Background: Burden of cancer mortality is often measured by death counts or mortality rates, but potential years of life lost (PYLL) and PYLL per death may be more useful to estimate the impact of cancer-related deaths occurring at younger ages. Methods: We used U.S. national death certificate data. A total of 45 categories of common cancers were grouped for cancer-specific calculations of PYLL and PYLL per death. PYLL was defined as the sum of the total years of life lost prior to age 75 years. Results: The largest number of PYLL in 2017 was due to deaths from cancers of the lung/bronchus (891,313; 20.8%), colon/rectum (409,538; 9.6%), and breast (400,643; 9.4%). Cancers with the highest PYLLs generally also caused the largest number of deaths and had the highest mortality rates, with the exception of prostate cancer (5.1% of deaths, 2.0% of PYLL). In contrast, PYLLs per death were greatest for deaths due to cancers of testis (mean = 34.0 years), bones/joints (26.4), and other endocrine sites including thymus (25.2). Conclusions: Although PYLLs generally reflect mortality rates, they more heavily weigh cancers that occur at younger ages. In contrast, PYLL per death, which is an average quantification of life years lost for individual patients with cancer, shows a different pattern. Impact: Mortality rates, PYLL, and PYLL per death are complementary measures of the burden of deaths due to cancer that should be considered in tandem to prioritize public health interventions focused on preventing premature mortality.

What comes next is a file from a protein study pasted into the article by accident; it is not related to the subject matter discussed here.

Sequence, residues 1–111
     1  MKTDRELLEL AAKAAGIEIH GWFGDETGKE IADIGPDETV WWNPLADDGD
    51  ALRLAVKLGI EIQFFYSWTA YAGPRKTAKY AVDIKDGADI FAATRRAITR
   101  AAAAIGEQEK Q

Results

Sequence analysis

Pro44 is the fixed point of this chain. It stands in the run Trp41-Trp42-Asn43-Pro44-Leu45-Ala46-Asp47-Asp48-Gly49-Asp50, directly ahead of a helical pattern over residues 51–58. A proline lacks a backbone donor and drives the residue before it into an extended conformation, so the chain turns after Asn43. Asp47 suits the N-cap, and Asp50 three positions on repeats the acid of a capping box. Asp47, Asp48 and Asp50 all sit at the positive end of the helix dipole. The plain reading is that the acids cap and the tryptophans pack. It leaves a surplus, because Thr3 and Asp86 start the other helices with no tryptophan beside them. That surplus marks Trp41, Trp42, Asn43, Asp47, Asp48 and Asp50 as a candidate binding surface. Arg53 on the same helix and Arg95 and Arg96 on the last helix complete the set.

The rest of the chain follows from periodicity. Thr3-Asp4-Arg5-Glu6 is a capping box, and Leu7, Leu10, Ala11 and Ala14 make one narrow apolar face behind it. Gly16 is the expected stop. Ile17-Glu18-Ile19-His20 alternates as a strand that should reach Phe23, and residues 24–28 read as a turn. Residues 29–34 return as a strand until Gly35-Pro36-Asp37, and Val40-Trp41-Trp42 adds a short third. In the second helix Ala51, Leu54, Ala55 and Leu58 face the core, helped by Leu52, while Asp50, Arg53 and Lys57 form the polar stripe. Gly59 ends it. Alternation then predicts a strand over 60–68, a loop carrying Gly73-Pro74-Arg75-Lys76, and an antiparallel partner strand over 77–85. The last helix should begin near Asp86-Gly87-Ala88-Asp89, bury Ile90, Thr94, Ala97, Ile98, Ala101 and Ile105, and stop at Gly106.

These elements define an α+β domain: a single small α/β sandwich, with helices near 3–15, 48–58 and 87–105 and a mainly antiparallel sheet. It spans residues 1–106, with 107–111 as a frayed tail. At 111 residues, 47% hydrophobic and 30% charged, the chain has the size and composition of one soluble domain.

Song, M., Hildesheim, A., & Shiels, M. S. (2020). Premature years of life lost due to cancer in the United States in 2017. Cancer Epidemiology Biomarkers and Prevention, 29(12), 2591–2598. https://doi.org/10.1158/1055-9965.EPI-20-0782